That story came to mind when I saw this photo of trees and a white fence whipping by my car at dusk. One plus one equals a blog post. (You can make the photos larger by clicking on them.)

Here’s the tree trimming story:

When I left you all on Friday, I was complaining that Tropical Storm Gamma was projected to follow Wilma’s path (right over the top of my house). Fortunately, despite the huge headline in our paper Saturday morning that said, “Here We Go Again,” it not only didn’t hit us, it turned into a fishspinner in the Gulf.

Unfortunately, Wife Lila decided that since we were in a hurricane mindset, we (meaning me) should get rid of a 40-foot non-native tree in the backyard “before the next storm blows it down.”

This tree is 15 feet from our storage shed, one foot from our fence, seven feet from our neighbor’s house and brushes the power lines.

Shouldn’t be problem, right?

I swamped off the two lowest branches and attached a rope about 20 feet up the trunk to help guide the tree’s fall. Then, I made a notch in the tree in the direction it was supposed to go and started to make the final cut, just like I learned in Boy Scouts 45 years ago.

When I heard the first crack, I decided to take up a little more tension on the rope. That was a good idea and a bad idea. Good, because the tree appeared to be leaning a bit in the wrong direction. Bad, because it was and I returned to find my saw blade trapped.

Kid, bring your chain saw

Wife Lila calls Kid Matt to bring his chain saw and to practices dialing 9-1-1.

The neighbors are looking out their second story window. They don’t wave back.

Kid comes with saw and second rope. When I pull on the rope, I can make the tree sway enough to free my saw blade. More cracking noises happen, but not enough to satisfy me, so I attack the tree with the saw again and prove that the law of gravity has not been repealed.

Tree falls to ground with satisfying THUD! missing the shed, the fence, the neighbors and the power line.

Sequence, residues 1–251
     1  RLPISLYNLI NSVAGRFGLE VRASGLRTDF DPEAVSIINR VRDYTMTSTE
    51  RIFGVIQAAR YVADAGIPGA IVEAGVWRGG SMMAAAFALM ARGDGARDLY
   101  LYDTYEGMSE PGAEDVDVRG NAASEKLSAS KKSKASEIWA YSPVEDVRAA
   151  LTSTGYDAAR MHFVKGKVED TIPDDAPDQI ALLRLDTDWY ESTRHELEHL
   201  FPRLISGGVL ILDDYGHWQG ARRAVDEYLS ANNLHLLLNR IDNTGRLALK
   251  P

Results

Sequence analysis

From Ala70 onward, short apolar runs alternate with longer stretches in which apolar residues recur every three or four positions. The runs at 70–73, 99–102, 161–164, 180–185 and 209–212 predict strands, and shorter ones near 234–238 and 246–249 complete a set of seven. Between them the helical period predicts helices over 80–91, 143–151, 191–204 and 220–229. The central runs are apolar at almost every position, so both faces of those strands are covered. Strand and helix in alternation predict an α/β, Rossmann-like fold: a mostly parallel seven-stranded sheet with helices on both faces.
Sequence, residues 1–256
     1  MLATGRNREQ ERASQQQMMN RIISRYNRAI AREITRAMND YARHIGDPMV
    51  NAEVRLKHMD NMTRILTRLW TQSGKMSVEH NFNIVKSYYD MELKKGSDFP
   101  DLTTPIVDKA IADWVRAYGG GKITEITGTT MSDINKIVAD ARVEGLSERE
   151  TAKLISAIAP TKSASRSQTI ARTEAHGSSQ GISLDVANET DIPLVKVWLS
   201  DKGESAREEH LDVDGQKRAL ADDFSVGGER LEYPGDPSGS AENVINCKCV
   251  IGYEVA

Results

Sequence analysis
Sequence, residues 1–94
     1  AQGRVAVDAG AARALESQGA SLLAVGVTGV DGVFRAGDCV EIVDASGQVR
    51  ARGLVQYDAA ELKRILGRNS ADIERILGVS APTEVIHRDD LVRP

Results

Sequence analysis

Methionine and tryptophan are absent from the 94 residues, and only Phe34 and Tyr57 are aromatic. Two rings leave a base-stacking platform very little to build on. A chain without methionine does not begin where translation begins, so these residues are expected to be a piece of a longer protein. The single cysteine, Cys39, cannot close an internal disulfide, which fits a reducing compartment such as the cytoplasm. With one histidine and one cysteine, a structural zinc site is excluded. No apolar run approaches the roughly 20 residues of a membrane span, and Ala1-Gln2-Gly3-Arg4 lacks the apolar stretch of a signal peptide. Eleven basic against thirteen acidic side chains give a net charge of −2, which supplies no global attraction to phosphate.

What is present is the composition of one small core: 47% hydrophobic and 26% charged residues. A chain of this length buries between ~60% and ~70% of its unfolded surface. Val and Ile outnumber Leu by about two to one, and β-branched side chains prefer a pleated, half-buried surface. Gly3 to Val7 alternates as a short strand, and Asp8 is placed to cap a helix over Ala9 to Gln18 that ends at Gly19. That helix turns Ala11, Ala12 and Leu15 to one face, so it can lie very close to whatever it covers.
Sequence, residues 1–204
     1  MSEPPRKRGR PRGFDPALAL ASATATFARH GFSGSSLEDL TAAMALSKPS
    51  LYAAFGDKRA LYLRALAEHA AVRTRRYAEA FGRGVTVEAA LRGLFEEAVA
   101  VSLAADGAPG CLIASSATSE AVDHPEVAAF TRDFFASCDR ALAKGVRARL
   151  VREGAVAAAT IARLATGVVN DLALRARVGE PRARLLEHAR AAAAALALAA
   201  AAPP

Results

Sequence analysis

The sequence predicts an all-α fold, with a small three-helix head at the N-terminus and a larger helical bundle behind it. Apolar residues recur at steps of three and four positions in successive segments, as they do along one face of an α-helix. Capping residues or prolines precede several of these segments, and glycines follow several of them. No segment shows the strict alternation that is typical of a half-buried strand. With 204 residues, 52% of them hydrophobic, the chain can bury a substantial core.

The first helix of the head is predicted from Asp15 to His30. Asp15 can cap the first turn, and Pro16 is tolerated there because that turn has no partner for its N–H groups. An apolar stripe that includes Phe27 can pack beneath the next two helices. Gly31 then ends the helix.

The neighbors still didn’t wave back.

I feel safe in crossing off lumberjack as a career option.

And, for the record, alcoholic beverages were not involved in this project.

 DZ has bright idea

Several managers shared their treetrimming experiences, but a virtual buddy, DZ, had a revenue-generating idea. (That’s why he’s a manager, I suppose.)

Lumber jack may not be in the cards for you. But rule number one when undertaking such a task is to set up the video camera. If it went really bad (like hit the shed or neighbors house) you may have been able to make some money on America’s Funniest Home Videos (or COPS)….

Some things are better left unrecorded

I explained to DZ that might not be a good ideal:

After Hurricane Wilma, gas stations couldn’t pump gas because the power was out and our carriers were close to not being able to deliver the paper because their tanks were dry. We managed to acquire 1,000+ gallons of unleaded from a variety of local sources and set up a pumping station in the back parking lot for carriers and essential employees.

I started to take some pictures for our in-house publications, but decided that we were probably bending, if not breaking, about 42 zillion OSHA and zoning regulations and that a permanent record of that might not be a good idea.

Ditto my lumberjacking.

Tree? What Tree? Must have been termites

“Tree? What tree? Must have been some weird strain of termites the storm blew in that ate right through that sucker. Waving at you? No, I was waving to warn you to get back from the windows because the troop of trunk-eating termites were causing the tree to sway. Good thing I had time to get a rope around it. Chainsaw? I was swatting the termites with it.”

That’s my story and I’m sticking to it.

Speaking of heading home

Speaking of heading home, things may be a bit light for a few days. I’m headed back to Cape this week, Lord willin’ and creeks don’t rise. I’ll have to tear down all my computer gear Tuesday so I can be on the road Wednesday.

Anyone have anything they’d like me to shoot or research while I’m in Cape? No promises, but your chances of success are improved if your press the DONATE button at the top left of the page. It takes a lot of gas to get to Cape and back.

By the way, Wife Lila has taken over Son Matt’s gardening blog and is doing a super job with it. She’s probably going to tell you that my story and pictures don’t match. She’s right. (Which is ALWAYS the safe answer.)